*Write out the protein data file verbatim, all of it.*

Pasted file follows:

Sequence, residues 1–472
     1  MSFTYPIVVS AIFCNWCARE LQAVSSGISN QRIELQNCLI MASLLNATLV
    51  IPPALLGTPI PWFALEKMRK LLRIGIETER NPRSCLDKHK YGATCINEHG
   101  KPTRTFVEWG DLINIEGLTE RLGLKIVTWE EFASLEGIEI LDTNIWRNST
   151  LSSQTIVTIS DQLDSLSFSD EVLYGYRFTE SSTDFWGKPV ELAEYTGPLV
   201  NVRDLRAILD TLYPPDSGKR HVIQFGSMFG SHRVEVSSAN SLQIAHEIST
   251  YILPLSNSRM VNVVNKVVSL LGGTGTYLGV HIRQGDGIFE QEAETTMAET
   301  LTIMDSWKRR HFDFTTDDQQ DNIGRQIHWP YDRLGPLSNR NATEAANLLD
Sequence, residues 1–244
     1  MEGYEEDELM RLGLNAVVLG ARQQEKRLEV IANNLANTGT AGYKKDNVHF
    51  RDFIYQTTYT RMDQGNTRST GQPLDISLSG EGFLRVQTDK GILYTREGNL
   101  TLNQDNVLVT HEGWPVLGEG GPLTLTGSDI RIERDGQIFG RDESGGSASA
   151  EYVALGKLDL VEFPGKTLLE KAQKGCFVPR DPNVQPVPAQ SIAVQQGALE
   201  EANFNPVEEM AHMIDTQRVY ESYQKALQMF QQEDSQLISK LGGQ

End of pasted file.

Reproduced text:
Sequence, residues 1–472
     1  MSFTYPIVVS AIFCNWCARE LQAVSSGISN QRIELQNCLI MASLLNATLV
    51  IPPALLGTPI PWFALEKMRK LLRIGIETER NPRSCLDKHK YGATCINEHG
   101  KPTRTFVEWG DLINIEGLTE RLGLKIVTWE EFASLEGIEI LDTNIWRNST
   151  LSSQTIVTIS DQLDSLSFSD EVLYGYRFTE SSTDFWGKPV ELAEYTGPLV
   201  NVRDLRAILD TLYPPDSGKR HVIQFGSMFG SHRVEVSSAN SLQIAHEIST
   251  YILPLSNSRM VNVVNKVVSL LGGTGTYLGV HIRQGDGIFE QEAETTMAET
   301  LTIMDSWKRR HFDFTTDDQQ DNIGRQIHWP YDRLGPLSNR NATEAANLLD
Sequence, residues 1–244
     1  MEGYEEDELM RLGLNAVVLG ARQQEKRLEV IANNLANTGT AGYKKDNVHF
    51  RDFIYQTTYT RMDQGNTRST GQPLDISLSG EGFLRVQTDK GILYTREGNL
   101  TLNQDNVLVT HEGWPVLGEG GPLTLTGSDI RIERDGQIFG RDESGGSASA
   151  EYVALGKLDL VEFPGKTLLE KAQKGCFVPR DPNVQPVPAQ SIAVQQGALE
   201  EANFNPVEEM AHMIDTQRVY ESYQKALQMF QQEDSQLISK LGGQ